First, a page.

Comparative Civil 3D Surface QC

Tags surface, Style, TIN, survey db, InstantOn Survey, qa, qc

Let’s face it - Surfaces play a huge role in civil engineering and survey work. When I train people in AutoCAD Civil 3D surfaces I almost always get a question that runs something like this,

Is there any way for us to see what changes we’ve made to a Civil 3D Surface?

Quality control is everyone’s problem. Both Survey and Design folks ask this. Whatever you gather in the field it’s probably going to take some tweaking. Certainly whatever you Design is going to be massaged, manipulated, and sometimes massacred.

If you must create validated surface and edit field work that includes lots of Figures, I can hear you squalling. There’s great news- Civil 3D can answer the question well.

The Edit Stack

Of course by now you’re recognized that every Civil 3D surface keeps an “Edit Stack” in the Surface Property Definition. This Good stuff - order matters to surface resolution.
The Surface operations Edit Stack is more than handy but that manageable exacting detail may miss the more mission critical questions that we frequently have to answer.

What did I do to the sucker?
Did I really get all the corrections and adjustment done?

What’s the Difference?

To answer the question we must first remember to keep a copy of the way it was. That simple task is often a somewhat difficult discipline to master. I suggest you build a Surface 2 Surface Comparison drawing in every project. Civil 3D Data References will automatically update the drawing for you once you get it set up. It requires two Reference surfaces – the way it was and the current edited version.

Another approach is to keep the “way it was” or “Start” Reference Surface available as a Data Shortcut and then check against that in the current surface drawing. You also need to also remember to clean up the current surface drawing after the QA is done.

Surface Comparision in the Toolspace

Create a TIN Volume surface between the Start Surface and the Current Surface. This produces a “Differential” surface.
No. We’re not looking for volumes but the results do and do speak volumes.
We can employ Civil 3D Surface Styles to visualize what’s happening.

This assumes you’ve got the Civil 3D Styles tools around to do this. Surface QAQC is vital and mission critical. We build QAQC Styles for many Civil 3D Features into every InstantOn template and style library product we sell.

Show Me the Money

In the following examples the CURRENT surface is displayed as TIN triangles and points ABOVE the Differential surface displayed in a series of various Quality Control Surface Styles. Each Surface QA Style representation gives us different and useful information.

Comparative Surface Analysis

Where By Slope Comparision

Where did the work get done?

A simple Banded Slope (4 range) analysis shows you in simple red and black where you made changes. This example from the InstantOn Basic project dataset shows the added breaklines derived from the Survey point and figure data. In the field only the Back of Curb was shot for a “standard” curb and gutter. The finished EG surface has additional the additional flowline data added in by Feature Lines.
The blacker the triangle is the more the Differential surface has changed.
This analysis answers the question where you made changes and the equally important fact of where you did not.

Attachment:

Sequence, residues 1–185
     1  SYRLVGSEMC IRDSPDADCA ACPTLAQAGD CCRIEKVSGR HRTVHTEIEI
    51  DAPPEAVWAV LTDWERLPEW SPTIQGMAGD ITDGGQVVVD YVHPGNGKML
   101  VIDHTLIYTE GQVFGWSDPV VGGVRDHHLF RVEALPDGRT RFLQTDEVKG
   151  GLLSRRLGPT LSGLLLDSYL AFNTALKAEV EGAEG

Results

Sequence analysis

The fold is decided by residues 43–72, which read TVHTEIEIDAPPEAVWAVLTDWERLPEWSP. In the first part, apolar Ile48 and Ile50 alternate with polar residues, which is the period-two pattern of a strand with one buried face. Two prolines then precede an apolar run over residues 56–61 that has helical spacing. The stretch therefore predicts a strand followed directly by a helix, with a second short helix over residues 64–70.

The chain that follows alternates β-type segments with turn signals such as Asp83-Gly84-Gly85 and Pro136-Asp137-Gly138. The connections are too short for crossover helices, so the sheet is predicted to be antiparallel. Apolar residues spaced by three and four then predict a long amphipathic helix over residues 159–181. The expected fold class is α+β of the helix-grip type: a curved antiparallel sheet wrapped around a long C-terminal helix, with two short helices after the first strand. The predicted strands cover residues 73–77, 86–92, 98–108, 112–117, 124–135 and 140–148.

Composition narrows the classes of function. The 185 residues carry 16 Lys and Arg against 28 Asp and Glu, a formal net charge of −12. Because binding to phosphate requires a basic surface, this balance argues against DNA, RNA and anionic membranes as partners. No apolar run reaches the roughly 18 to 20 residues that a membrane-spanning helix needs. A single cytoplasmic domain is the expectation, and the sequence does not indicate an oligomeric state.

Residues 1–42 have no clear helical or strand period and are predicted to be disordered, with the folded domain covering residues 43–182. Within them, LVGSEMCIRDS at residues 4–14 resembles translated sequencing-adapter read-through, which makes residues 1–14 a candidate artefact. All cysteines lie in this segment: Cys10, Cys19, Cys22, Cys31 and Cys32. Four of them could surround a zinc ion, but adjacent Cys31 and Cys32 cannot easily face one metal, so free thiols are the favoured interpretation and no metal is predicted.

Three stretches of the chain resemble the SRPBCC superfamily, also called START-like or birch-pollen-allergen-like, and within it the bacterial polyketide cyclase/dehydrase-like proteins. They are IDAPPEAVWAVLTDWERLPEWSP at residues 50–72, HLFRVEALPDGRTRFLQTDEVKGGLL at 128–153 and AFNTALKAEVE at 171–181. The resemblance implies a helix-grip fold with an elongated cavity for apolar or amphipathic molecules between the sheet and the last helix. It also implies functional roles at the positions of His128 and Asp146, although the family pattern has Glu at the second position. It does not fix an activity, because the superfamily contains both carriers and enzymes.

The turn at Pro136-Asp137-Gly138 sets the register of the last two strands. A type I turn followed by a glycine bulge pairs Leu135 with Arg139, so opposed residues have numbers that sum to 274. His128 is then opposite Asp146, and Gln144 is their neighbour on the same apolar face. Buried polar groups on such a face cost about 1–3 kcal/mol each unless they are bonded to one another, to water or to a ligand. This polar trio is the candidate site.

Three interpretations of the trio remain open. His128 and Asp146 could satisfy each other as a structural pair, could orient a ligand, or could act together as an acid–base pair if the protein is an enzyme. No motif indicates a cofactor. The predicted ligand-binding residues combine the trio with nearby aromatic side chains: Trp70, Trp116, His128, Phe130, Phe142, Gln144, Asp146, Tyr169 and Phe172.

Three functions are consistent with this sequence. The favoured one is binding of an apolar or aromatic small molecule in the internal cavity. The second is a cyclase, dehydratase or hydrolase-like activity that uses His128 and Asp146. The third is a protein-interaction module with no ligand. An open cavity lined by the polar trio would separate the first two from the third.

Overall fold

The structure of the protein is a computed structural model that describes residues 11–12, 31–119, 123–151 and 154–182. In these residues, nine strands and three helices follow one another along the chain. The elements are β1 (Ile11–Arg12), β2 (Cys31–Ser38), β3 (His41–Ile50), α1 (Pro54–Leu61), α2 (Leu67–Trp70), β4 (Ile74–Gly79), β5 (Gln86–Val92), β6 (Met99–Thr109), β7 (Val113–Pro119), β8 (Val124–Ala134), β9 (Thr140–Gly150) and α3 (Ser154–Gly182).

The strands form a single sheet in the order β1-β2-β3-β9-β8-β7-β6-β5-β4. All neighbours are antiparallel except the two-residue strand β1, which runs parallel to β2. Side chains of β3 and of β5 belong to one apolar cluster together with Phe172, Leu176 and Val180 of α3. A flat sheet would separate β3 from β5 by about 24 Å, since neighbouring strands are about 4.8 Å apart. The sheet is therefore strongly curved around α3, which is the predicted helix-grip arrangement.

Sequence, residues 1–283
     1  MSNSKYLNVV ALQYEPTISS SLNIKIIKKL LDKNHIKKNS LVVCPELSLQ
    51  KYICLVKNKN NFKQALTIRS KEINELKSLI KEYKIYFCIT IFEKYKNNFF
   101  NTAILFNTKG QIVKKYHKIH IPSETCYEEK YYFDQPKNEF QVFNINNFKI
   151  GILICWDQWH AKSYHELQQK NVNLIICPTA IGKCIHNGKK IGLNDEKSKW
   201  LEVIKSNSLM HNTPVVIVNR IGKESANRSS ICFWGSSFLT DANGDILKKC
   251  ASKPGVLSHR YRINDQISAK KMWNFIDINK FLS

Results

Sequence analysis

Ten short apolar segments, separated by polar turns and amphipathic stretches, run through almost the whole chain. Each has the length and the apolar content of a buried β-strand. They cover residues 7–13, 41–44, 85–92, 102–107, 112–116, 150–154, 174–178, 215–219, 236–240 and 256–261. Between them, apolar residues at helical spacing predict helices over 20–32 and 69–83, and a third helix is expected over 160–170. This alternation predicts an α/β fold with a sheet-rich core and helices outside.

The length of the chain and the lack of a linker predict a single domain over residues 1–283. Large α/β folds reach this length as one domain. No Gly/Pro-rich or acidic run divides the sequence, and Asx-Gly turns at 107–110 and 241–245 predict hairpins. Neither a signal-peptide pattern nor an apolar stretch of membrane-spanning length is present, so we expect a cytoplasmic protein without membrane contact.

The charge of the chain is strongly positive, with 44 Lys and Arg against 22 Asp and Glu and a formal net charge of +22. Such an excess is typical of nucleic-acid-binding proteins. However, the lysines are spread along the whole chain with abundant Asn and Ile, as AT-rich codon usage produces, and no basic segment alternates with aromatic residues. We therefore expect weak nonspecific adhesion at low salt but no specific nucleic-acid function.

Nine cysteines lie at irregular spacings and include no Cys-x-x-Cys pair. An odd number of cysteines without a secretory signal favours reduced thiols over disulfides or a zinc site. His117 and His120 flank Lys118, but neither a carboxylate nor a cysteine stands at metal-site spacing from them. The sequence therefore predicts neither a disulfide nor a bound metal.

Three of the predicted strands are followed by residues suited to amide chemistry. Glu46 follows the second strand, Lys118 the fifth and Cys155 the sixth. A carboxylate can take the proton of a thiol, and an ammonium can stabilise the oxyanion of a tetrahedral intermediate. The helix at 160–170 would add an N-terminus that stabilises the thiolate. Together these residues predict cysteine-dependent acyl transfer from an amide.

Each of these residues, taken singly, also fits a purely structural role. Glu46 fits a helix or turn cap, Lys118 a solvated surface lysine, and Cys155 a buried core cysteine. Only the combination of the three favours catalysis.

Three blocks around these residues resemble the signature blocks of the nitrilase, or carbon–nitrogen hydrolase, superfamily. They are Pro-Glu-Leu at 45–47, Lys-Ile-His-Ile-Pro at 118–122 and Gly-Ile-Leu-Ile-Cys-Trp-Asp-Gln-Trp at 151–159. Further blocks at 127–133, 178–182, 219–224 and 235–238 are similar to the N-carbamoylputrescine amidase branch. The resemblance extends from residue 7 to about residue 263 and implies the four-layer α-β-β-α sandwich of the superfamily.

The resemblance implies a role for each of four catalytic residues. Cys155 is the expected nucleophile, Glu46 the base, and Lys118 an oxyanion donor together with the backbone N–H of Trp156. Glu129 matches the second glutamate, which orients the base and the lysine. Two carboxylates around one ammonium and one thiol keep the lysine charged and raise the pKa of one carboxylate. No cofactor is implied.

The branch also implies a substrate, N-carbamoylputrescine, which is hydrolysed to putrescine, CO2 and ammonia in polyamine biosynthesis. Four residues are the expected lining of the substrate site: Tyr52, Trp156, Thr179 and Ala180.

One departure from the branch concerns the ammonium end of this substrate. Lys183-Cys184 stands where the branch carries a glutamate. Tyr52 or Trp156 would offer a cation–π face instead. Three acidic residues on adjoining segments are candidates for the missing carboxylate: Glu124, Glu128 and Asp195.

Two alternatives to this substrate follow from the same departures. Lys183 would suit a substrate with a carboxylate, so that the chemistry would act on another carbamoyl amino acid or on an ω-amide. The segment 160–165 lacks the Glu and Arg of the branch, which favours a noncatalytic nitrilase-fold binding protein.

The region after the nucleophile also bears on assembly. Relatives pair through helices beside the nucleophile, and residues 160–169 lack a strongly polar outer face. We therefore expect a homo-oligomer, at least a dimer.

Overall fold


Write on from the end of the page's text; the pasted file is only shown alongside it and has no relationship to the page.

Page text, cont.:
What about the How?

How By Elevation Comparision

A couple of Surface property click’s later here’s the same Differential surface displayed as Banded Elevations (2D). This 6 range view coupled again with the resolved final EG TIN model shows in darker shades of brown the lowered changes and in brighter shades of green the raised modifications.

If you think about it for a moment, maybe some manual TIN line flips (used to solve one problem) may accidentally create other issues. I’d certainly play close attention to where there is green where I might expect brown and vice versa.

Contours and Arrows Comparision

In this view the Differential Surface is displayed in a Surface Style that employs small incremental contours coupled with Slope Arrows. The bluer the Arrows the bigger the changes made.
What we might not recognize right away is we can employ changes to the Datum properties of the Differential surface to control which contours are generated and displayed.
Show me all the ups but not the downs for example.

Profile My Surface Changes

Civil 3D allows you to Profile the changes you made to the surfaces by location. Here we just employed a Quick Profile generated from an AutoCAD Line. We’re not looking at a roadway cross section. At the moment we’re displaying the Differential surface – how big a change happens where relative to the line in the Profile View. This Profile is a Rate of Change graph.

The Civil 3D diva can be mindboggling

AutoCAD grips make it really easy to move the line around and study specifics. We could build another Quick Profile View that instead displays both the Surfaces and the Cut and Fill between.

Can you really tie two different Quick Profiles to the same line in Civil 3D? Does that matter?

It’s a matter of Managed Style tools that produce a more Managed Dynamic Model.

Stare and Compare

Civil 3D can do this Comparative Analysis pretty well. Our real world problem is that it takes some time, skill, and experience to learn how to read the tea leaves. This is a learnable skill. If you practice, you learn to see.

I personally find the most amazing thing is that people can see and practically employ this useful stuff without the faintest clue about how the math behind gets done.

Our Brains Do Make Order Out of Chaos